Over the past few years we’ve seen a plethora of technological breakthroughs that can assist handicapped and disabled people. For example, bionic eyes, high-tech prosthetic limbs, and even brain software that lets people move their prosthetic limbs via thought.
Now, a team of researchers from the University of Nevada, Reno and the University of Arkansas, Little Rock are working on a hand-worn robotic device capable of helping millions of blind and visually impaired people navigate past obstacles and assist with pre-locating, pre-sensing and grasping objects.
“The miniaturized system will contribute to the lives of visually impaired people by enabling them to identify and move objects, both for navigational purposes or for more simple things such as grasping a door handle or picking up a glass,” said Yantao Shen, assistant professor and lead researcher on the project from the University of Nevada, Reno’s College of Engineering. “We will pre-map the hand, and build a lightweight form-fitting device that attaches to the hand using key locations for cameras and mechanical and electrical sensors. It will be simpler than a glove, and less obtrusive.”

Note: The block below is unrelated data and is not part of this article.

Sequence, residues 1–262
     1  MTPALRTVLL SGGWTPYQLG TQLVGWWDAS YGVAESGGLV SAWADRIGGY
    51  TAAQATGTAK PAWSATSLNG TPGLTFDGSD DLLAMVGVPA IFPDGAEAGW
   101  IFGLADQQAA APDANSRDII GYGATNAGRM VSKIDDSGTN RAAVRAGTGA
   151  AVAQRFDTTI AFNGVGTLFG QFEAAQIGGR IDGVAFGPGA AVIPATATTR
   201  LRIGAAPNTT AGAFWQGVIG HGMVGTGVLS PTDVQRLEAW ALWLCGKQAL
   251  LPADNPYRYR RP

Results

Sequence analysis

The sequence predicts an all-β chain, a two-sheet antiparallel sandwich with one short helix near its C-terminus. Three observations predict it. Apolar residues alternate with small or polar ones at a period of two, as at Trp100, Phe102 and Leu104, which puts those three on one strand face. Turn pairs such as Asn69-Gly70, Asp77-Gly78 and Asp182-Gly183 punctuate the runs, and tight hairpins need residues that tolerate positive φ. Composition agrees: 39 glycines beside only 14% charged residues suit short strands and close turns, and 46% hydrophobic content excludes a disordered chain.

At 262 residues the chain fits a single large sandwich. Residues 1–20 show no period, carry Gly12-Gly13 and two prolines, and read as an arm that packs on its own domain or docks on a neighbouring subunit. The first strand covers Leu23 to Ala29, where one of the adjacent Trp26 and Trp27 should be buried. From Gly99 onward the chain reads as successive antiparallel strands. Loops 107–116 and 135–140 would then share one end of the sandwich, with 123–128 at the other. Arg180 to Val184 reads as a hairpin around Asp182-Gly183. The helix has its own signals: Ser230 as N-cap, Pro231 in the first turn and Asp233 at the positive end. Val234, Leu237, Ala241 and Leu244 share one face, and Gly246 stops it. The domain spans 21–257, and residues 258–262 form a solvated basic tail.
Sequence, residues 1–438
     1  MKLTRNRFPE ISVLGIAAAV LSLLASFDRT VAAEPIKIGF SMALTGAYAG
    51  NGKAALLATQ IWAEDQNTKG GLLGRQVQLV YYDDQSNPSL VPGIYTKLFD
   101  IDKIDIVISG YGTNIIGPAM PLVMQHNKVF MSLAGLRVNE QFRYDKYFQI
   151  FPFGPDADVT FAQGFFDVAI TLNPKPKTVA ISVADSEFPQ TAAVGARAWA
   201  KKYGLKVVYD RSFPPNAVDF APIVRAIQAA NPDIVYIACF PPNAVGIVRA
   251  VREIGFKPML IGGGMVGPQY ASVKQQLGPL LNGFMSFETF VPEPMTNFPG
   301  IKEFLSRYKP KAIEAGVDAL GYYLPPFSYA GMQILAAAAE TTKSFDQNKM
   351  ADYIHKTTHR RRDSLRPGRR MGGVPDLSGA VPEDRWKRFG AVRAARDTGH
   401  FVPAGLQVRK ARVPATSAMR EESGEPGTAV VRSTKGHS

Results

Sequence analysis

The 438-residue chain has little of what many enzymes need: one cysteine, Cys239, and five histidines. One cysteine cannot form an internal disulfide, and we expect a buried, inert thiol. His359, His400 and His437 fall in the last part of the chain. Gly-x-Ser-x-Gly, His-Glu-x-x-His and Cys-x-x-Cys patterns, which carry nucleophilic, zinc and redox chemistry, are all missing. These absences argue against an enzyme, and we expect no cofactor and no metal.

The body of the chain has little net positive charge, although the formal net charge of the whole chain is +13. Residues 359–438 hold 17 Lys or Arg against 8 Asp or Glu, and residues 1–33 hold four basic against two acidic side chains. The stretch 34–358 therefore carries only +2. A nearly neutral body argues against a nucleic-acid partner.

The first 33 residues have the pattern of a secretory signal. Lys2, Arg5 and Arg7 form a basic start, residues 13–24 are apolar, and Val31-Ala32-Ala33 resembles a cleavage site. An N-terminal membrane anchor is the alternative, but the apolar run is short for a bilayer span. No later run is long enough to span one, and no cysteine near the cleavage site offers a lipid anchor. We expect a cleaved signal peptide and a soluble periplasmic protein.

The team has just received an $82,000 grant from the National Institutes of Health’s National Eye Institute division to create the technology, which will combine vision, tactile, force, temperature and audio sensors and actuators to help the wearer pre-sense an object. The device will be able to tell the wearer the object’s location, feel its shape and size, and then grasp it.
“The visual sensors, very high resolution cameras, will first notify the wearer of the location and shape, and the proximity touch sensors kick in as the hand gets closer to the object,” said Shen. “The multiple sensors and touch actuators array will help to dynamically ‘describe’ the shape of the object to the hand when the hand is close to the object, allowing people with vision loss to have more independence and ability to navigate and to safely grasp and manipulate.”
Shen believes that the device will have a great impact on small and wearable robots that may see potential applications in space exploration, military surveillance, law enforcement and search and rescue.
Story via University of Reno, Nevada.